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Farxiga & The Heart

The type 2 diabetes medication Farxiga (dapagliflozin) can prolong the life of those suffering from a common type that is heart-related failure as per an article that was published in JAMA Cardiology.

Although Farxiga was initially developed in order to help treat diabetes type 2, it was studied — and then approved to treat other health issues, too. In May of 2020 the drug was approved by the U.S. Food and Drug Administration (FDA) for use as treatment for heart failure that has a reduced ejection fraction, irrespective of whether someone is diabetic. In April 2021, Farxiga was accepted as a treatment for chronic kidney diseases, after clinical trials were cut short because they proved an “overwhelming” positive effect in this condition.

Benefits of Farxiga’s heart failure

Researchers have now demonstrated that, based on the results of the clinical trial of people who suffer from heart failure It’s likely that taking Farxiga can add years of life to those suffering from this disease — the result was calculated from data and not demonstrated, as the trial hasn’t lasted for long enough to demonstrate that the drug can add years of living. In this “exploratory study,” researchers looked at the data from a study that included 474 patients with heart failure, who were randomly assigned one of two drugs: Farxiga and a placebo (inactive pills). The participants were enrolled between February 2017 to August 2018 and followed up until June of 2019, with an average time in the range of 17.6 months.

For those who were given Farxiga in the course of this study, 10 mg the drug were consumed each day in addition to regular treatments for heart disease. The main outcome that researchers wanted to determine was the time between the moment that participants required hospitalization or an urgent-care appointment that required an intravenous (IV) treatments to treat their heart problems, or until they passed away from heart-related causes. Based on what previous studies have found about the link between hospitalization due to heart failure and death due to cardiovascular causes or other causes The researchers then utilized the Farxiga data to calculate how long people could be able to live if they were taking the medication for the rest of their lives.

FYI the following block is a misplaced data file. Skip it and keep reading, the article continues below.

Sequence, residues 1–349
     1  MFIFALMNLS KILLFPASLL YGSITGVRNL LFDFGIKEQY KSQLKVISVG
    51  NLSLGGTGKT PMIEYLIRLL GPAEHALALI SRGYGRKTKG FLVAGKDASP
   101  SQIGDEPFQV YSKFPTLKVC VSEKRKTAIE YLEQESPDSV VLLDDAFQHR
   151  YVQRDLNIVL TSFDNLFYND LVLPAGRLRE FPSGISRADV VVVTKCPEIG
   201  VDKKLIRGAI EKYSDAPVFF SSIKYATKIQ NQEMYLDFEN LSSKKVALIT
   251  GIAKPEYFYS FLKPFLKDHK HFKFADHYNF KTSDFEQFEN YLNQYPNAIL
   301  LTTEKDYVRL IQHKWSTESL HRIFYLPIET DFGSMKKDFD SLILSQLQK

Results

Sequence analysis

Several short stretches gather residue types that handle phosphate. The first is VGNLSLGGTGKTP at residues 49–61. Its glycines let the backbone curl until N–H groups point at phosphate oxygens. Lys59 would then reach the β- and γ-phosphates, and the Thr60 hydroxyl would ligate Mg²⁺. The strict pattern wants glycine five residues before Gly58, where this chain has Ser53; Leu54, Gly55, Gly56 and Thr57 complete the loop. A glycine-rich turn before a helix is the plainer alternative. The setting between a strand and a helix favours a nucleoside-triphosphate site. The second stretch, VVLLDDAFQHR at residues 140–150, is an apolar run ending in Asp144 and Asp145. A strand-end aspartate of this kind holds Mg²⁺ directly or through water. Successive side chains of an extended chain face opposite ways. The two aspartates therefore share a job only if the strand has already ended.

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The study discovered that a person aged 65 who suffers from heart failure could be likely to live for an additional 6.2 years without experiencing a heart attack if they were to take a placebo as well as an extra 8.3 years when they used Farxiga. If they examined the causes of death and the time to die for a person 65 years old taking an placebo was calculated as 9.1 years, whereas for Farxiga the figure was 10.8 years, which is more than 1.7 year of living. Similar results were found when researchers calculated these outcomes for people who were different in age.

“These results suggest that the use of Farxiga can result in beneficial clinical outcomes in extrapolating events-free survival and overall,” the researchers wrote. “These results may prove useful in explaining the benefits of this therapy” to patients suffering from heart failure.